being fairly familiar with the Minister for Local Govt’s office and also Dept of Local Govt and Communities I doubt they have the resources to properly assess your business plan. They just come out with generic responses like “under the Act the City is required to”.

    One of the outcomes of the Inquiry in to Canning was Panel Member Kendall asking “how long must something confidential remain so?”. Public confidence is eroded when information is kept confidential for commercial reasons, why clearly this involves public monies : the whole other half of the deal.

    Cleary the deal with Sirona has stretched on for a long time, and maybe it is time to review the whole thing.

    One of the ways you could deal with this issue once and for all is to invite the Auditor General in to conduct a full public audit of the City of Fremantle (something councils don’t seem to support for some reason), and offer to pay the cost. Its the only way to be sure, and if Colin Murphy does find any problems he will report them to parliament. Protects everyone.

  17. freoview said, on April 8, 2015 at 1:59 pm

    I think Craig’s request is a valid one, Brad and CEO, and it would stop this going on forever. I’d rather write positive stories about Fremantle than negative ones.


  18. Craig said, on April 8, 2015 at 1:40 pm

    Brad, if you really have ‘nothing to hide’ as you state, please make public to ratepayers the detailed spreadsheet that shows the 20 year forecast cash flows which the NPV and IRR are calculated. If you did the speculation about both the financial valuation methodology and assumptions utilised would cease.

  19. Brad Pettitt said, on April 8, 2015 at 1:27 pm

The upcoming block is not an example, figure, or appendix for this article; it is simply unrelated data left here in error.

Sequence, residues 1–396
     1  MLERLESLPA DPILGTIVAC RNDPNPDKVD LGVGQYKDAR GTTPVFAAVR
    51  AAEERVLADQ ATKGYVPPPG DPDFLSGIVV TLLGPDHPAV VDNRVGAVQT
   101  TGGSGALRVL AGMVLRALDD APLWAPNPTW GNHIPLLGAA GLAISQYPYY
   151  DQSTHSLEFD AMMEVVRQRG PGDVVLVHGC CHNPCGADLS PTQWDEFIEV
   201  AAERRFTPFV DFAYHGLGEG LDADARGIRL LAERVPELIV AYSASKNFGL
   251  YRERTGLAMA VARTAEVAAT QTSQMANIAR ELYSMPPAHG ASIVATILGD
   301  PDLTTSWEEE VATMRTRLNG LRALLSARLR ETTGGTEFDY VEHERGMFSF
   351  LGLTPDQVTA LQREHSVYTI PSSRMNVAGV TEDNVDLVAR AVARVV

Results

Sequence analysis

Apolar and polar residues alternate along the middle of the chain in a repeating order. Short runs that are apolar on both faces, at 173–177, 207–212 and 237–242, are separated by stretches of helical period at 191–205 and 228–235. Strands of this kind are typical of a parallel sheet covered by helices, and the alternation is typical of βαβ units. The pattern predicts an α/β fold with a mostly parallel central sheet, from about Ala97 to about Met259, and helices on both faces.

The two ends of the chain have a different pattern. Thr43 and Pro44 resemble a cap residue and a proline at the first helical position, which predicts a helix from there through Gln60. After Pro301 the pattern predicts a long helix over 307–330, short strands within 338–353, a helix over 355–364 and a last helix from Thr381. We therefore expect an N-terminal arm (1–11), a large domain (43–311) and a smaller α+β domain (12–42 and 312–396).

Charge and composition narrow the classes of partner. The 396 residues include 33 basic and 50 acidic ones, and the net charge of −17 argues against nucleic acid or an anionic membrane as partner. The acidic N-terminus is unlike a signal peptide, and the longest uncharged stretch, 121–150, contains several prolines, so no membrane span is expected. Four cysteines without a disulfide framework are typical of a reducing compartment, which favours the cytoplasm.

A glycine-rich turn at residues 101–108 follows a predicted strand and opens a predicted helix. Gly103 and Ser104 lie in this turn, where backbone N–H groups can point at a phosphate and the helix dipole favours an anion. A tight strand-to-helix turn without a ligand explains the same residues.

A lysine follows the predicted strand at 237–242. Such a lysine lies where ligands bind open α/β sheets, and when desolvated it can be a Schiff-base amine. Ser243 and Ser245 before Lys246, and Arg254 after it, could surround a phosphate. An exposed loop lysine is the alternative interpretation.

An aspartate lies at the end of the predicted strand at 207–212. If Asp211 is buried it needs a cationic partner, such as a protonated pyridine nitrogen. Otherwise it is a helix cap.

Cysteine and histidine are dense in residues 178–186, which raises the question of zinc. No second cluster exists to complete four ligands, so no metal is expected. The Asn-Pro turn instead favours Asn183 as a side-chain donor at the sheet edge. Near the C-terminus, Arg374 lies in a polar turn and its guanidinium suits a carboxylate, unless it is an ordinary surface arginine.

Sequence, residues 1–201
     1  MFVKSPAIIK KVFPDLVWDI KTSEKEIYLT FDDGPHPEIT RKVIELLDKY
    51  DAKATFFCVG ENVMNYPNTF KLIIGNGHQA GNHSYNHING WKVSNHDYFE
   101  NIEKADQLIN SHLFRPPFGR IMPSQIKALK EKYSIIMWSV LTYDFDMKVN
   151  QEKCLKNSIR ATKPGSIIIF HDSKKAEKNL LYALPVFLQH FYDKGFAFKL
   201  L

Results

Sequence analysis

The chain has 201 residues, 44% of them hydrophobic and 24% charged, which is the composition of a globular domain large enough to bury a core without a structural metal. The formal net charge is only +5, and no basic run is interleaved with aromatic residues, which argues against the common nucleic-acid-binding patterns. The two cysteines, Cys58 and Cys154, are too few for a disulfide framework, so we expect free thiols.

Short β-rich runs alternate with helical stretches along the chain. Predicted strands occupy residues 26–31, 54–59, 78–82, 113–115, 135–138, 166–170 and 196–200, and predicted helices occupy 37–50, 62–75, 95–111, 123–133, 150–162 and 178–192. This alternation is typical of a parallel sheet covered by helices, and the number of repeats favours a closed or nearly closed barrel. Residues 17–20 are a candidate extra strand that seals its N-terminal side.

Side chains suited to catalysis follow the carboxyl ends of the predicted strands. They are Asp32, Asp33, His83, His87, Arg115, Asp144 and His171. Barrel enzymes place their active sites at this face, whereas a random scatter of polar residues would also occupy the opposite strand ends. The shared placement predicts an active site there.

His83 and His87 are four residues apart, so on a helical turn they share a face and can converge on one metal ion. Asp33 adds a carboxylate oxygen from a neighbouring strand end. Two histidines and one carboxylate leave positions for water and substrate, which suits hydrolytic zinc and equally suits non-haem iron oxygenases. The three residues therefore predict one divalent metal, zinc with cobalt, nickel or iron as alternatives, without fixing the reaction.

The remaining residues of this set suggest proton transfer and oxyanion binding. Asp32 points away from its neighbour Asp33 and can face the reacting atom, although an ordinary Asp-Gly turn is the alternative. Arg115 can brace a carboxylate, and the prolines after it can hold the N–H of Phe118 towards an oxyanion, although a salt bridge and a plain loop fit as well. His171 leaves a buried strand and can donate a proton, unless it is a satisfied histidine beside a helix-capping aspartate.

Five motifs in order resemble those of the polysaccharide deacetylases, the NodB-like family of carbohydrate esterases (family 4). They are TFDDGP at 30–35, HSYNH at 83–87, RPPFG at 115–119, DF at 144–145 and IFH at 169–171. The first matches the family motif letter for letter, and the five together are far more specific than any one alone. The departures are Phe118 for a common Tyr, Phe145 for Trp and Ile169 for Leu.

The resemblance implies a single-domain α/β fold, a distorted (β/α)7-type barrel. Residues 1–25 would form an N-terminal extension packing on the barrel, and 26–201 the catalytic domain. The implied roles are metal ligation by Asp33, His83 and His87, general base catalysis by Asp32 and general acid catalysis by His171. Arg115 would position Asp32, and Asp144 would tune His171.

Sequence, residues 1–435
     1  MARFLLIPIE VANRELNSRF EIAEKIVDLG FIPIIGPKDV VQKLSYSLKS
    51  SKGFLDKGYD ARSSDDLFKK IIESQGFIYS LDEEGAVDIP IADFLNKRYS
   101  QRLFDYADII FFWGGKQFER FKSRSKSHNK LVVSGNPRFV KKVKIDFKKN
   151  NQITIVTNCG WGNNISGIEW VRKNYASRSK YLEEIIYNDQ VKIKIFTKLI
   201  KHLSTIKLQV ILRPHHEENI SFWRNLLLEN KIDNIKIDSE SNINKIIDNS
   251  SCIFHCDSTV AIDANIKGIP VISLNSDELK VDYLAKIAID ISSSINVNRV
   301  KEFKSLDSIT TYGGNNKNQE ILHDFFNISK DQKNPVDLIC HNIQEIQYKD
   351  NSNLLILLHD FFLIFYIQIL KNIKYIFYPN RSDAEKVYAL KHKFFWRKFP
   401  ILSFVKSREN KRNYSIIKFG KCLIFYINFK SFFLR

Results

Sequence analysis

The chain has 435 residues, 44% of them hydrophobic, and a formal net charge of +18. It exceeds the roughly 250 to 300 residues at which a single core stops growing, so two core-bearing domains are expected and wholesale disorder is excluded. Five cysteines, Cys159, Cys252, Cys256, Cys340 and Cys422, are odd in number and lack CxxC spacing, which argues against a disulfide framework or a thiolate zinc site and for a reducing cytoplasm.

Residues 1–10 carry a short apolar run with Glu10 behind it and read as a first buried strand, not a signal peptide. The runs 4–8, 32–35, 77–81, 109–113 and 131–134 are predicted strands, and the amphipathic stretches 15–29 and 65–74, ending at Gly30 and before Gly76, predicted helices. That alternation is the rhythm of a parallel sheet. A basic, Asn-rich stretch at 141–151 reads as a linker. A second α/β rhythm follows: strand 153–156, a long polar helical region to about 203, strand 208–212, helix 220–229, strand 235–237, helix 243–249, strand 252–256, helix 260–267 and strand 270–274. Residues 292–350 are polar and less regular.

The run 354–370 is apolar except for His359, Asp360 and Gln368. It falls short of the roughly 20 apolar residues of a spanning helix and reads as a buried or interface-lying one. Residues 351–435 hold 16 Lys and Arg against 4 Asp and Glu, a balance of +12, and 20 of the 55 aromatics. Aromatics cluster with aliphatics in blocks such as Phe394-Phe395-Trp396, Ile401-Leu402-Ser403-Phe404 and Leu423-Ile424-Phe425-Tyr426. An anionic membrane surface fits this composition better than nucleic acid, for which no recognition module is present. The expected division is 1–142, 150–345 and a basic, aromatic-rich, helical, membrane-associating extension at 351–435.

I’ll be the first to admit we don’t always get it right but I don’t think we engage in spin over substance either. In fact I actively encourage us playing a straight bat on issues. There are no secret agendas just the difficult process of major change in a city that’s often resisted it.
    My experience is most people understand it and want it to happen

  20. Brad Pettitt said, on April 8, 2015 at 1:18 pm

    I agree there is scope for improvement and website is case in point and we are working on that now.
    If you’ve got an example of a better mayoral blog I’d be interested to see it.

  21. freoview said, on April 8, 2015 at 1:05 pm

    I agree that the scrutiny is a bit delayed, Brad, but I also agree it is good and still relevant. I get worried about large projects like this when a highly-paid and prominent professional auditor and Freo property owner asks questions in comments about the business plans and financial issues. If he is not comfortable then the City of Fremantle needs to do better at communicating what goes on, so we can avoid conspiracy, accusations, spin and one-sided arguments.